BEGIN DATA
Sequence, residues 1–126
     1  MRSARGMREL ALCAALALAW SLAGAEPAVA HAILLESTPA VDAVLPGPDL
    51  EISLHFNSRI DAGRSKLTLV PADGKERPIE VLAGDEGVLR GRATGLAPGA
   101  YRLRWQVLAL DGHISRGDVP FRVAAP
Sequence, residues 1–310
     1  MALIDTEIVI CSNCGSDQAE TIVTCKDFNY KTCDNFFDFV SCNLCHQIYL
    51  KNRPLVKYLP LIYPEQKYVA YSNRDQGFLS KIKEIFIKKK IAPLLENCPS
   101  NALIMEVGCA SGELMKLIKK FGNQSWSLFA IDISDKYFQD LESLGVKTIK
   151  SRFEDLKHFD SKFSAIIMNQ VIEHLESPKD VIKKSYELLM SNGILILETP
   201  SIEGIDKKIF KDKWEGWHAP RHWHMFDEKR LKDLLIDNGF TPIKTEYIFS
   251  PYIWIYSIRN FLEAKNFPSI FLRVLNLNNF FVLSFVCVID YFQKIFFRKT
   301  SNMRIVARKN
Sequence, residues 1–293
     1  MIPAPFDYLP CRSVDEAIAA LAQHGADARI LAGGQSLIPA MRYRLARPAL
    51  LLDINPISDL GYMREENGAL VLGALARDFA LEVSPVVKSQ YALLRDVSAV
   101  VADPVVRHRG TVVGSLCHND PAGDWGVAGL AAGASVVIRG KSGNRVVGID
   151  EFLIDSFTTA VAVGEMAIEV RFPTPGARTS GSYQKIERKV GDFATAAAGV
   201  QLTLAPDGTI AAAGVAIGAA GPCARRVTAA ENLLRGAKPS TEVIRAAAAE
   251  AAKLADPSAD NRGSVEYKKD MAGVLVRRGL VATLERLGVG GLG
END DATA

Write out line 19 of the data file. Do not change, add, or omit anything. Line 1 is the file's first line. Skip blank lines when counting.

   251  AAKLADPSAD NRGSVEYKKD MAGVLVRRGL VATLERLGVG GLG